In their judgments, Lady Justice Arden and Lord Justice Davis agreed with Lord Justice Lewison's ruling.

LJ Arden said that the judgment applied only to clergy with the freehold benefice rather than those deployed under Common Tenure: "There may now be only a limited number of clergy to whom the same issues as arise on this appeal could apply in future."

Mr Sharpe's lawyers had argued that the "fragmentation" of the Church of England should not prevent clergy from enjoying employment rights. But LJ Arden said that "the term 'fragmentation' is often used to cover those situations where the 'employer's' functions are split in order to avoid responsibility under employment protection legislation, whereas in this case fragmentation occurs because it is a natural feature of the institutional structure of the Church of England."

LJ Davis said that "the subtext of the argument on behalf of Reverend Sharpe is that the position of an incumbent of a benefice should be looked at in a way which accords with modern notions and practices.

"Such individuals work hard, often in difficult circumstances, performing valuable functions within their parishes and receiving a stipend. It is, in effect, said that they ought now to be regarded as employees and ought to have the rights that others have under the employment legislation. I have quite a lot of sympathy for this approach. But I do not think that it can prevail in this case."

The diocese has welcomed the judgment, describing it as upholding "the freedom of clergy to be office-holders rather than employees".

"There has been considerable consultation with the clergy on this issue as well as discussions at General Synod, and clergy have consistently said that they don't wish to change their status as office-holders," the Bishop of Worcester, Dr John Inge, said.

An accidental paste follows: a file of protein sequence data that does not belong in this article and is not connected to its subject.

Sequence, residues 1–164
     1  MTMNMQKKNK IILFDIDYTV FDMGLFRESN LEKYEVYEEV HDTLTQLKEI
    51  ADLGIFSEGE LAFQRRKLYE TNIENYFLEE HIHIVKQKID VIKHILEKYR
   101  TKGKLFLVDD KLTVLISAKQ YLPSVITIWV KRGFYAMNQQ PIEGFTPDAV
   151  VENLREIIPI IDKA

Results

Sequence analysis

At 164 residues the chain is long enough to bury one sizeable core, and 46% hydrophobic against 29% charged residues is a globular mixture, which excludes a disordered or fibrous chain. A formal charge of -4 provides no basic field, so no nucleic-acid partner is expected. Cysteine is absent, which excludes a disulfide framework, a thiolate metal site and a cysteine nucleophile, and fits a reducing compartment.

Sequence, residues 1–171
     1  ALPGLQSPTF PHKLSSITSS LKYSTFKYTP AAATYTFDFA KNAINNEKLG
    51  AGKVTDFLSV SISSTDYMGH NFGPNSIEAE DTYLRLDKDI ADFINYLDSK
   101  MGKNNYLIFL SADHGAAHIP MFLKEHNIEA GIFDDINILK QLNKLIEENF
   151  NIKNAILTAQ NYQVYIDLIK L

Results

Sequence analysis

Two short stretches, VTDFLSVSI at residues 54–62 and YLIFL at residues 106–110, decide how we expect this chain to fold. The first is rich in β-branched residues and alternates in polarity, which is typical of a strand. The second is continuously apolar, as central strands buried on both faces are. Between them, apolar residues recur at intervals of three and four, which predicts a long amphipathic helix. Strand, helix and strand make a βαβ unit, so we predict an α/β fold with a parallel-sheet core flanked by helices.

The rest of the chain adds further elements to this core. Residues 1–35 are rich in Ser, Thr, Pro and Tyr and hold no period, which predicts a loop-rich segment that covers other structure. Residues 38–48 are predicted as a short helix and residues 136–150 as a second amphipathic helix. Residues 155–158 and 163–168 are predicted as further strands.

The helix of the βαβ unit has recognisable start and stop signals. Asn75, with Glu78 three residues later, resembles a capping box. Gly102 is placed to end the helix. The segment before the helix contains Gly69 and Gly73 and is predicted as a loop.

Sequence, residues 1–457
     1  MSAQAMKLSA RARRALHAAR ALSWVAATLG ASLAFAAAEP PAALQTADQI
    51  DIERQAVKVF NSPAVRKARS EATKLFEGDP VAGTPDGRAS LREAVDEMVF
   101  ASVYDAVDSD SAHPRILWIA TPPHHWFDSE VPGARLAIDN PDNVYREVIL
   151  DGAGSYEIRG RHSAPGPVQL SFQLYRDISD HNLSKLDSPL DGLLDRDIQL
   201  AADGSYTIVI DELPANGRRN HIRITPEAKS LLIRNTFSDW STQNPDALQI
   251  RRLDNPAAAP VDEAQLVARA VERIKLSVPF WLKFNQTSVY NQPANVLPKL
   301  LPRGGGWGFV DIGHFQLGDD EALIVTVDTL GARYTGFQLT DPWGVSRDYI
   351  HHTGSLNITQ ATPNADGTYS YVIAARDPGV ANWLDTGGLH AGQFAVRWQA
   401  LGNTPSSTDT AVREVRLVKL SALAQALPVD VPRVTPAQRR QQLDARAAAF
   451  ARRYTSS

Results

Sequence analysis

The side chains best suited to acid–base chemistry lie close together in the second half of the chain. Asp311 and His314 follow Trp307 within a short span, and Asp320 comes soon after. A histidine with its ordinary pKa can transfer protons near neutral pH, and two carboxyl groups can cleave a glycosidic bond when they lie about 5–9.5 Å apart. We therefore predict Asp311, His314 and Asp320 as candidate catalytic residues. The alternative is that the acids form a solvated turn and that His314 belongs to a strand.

"To become employees, clergy would lose the freedoms which are at the heart of the Church's ministry, and this is not something that they want to give up. It is regrettable that Unite fails to understand the context in which parish clergy exercise their ministry, whilst the Church seeks to uphold the freedoms enjoyed by its clergy."

Unite said that they were "deeply disappointed by this judgment, which looks back over 800 years to the Magna Carta and historical texts from when the Holy Roman Empire was formed to overturn the decision of an employment appeal tribunal in the present day. This judgement has serious ramifications for faith workers in accepting that aspects of the law of the land don't cover the Church. We will be considering the judgment fully, and deciding on our next steps over the coming days."

Lucy McLynn, a specialist in employment law at Bates, Wells & Braithwaite, said: "While the Court of Appeal's judgment in Sharpe is unsurprising on the facts of that case, in my opinion it offers nothing to suggest that the broader principle of the special status of ministers of religion as 'servants of God' alone is being revived. What we have seen in other recent cases, particularly on vicarious liability, is the courts increasingly finding that the Church is the employer of its minister."

'When the boss is God' - Angela Tilby